Perhaps everyone recalls episodes from their childhood that seem so dear now, but were detested at the time in which they were actually occurring. As of late, I am beginning to remember many moments from my youth, specifically those revolving around food, but not all were loathsome even then. I nostalgically remember the image of my mother in our small, colorful kitchen. She did not hesitate to share her knowledge of food, but she also did not make a performance of it. It was usually in subtle ways, like cleaning spinach leaves on both sides under running water, with an explanation that bugs like to hide on the underside of the leaf, where I would learn about spinach and how she was going to prepare it. Did Popeye also have to wash his spinach, I would inquire, but there was not always time for all of my questions.

I thrived when this knowledge was shared with me, which I am sure I made a game out of as my imagination ran wild with almost anything. I held a secret from the adult world, although I do not know how much of secret it could have been, as I rather enjoyed boasting about my newly acquired facts. Leeks should be cleaned thoroughly because they grow in sandy soil, and eating sand makes your teeth grind, which is very unsatisfactory for everyone, I would constantly note, mimicking my mother’s cautious tone as best I could. I took heed to this warning myself, and had ingrained in my mind a previously calamitous meal of sandy, overcooked beets (which I was already repulsed by to begin with), and did not wish to recreate the catastrophe.  But leeks on the other hand, I always adored and dutifully ate in all of their presented states. My fascination was mostly founded in the old wives’ tale that if you ate the center of the leek (the stalk), you would become deaf.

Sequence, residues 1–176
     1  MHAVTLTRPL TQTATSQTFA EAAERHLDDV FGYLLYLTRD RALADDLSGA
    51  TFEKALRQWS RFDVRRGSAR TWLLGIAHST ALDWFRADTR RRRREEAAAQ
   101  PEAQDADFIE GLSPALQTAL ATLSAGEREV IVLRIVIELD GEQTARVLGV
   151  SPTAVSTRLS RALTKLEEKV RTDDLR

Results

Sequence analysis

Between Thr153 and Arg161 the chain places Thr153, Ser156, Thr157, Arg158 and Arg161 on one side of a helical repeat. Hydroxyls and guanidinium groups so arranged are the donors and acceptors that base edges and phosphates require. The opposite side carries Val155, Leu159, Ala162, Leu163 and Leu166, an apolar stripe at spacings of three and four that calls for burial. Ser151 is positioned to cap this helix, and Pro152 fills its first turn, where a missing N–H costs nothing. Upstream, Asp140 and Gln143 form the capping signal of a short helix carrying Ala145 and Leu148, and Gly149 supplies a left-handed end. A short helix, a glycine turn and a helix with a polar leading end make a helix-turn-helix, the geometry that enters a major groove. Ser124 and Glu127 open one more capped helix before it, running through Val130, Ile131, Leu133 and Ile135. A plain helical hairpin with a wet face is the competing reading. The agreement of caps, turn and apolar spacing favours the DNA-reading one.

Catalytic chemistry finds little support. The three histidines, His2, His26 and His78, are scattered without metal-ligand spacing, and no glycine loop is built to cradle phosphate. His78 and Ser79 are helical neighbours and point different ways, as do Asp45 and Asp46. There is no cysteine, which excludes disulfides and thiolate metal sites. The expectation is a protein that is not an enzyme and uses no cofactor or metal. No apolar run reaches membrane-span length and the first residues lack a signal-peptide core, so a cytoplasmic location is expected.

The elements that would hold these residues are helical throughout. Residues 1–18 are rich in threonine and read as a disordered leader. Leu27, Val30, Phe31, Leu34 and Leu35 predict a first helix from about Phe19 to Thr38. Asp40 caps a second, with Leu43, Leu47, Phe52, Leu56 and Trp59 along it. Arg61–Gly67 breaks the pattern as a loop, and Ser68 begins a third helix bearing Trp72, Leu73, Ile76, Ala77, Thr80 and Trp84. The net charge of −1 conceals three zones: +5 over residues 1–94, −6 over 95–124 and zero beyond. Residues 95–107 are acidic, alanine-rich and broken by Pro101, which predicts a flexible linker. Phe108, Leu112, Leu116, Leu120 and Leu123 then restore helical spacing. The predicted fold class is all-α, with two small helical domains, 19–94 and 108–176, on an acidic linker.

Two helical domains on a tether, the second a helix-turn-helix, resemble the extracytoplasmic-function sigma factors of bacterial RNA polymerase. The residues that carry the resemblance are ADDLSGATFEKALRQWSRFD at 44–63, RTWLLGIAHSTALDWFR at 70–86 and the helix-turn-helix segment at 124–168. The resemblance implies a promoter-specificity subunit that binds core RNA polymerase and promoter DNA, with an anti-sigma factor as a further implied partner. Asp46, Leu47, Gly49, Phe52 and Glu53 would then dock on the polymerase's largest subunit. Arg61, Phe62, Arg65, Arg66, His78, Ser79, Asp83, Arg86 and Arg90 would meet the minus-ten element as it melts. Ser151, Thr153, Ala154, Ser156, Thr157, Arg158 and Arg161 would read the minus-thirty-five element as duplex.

I loved superstitions, and most of all, breaking them. I proudly remember eating fish and dairy at the same time. Lest I forget, this resulted in others following my lead, and disruptions on at least two family tables of what had previously been calm, weekly fish dinners without dairy. But something about going deaf made me resist the temptation of the leeks. Let me elucidate, yes- a small part of me still wanted to try it, and would practice the worst outcome. I began often by cupping my ears with my hands to imagine going deaf, or plugging them up with my index fingers, but I could still hear birds chirping or cars going by. Most terrifyingly, I could hear my invariable heartbeat thumping. I could not, for all the imaginative worlds that I created, see one without the ability of sound. So I made sure to clean leeks well, and remove the middle part, if there was one. But I would not bite into one, no matter the pressure of fellow peers. I am being chary, I would tell anyone who asked, in a state of angst and mortification. I would vanquish other superstitions, but not this one, and each time I cook leeks, I am reminded of this memory.


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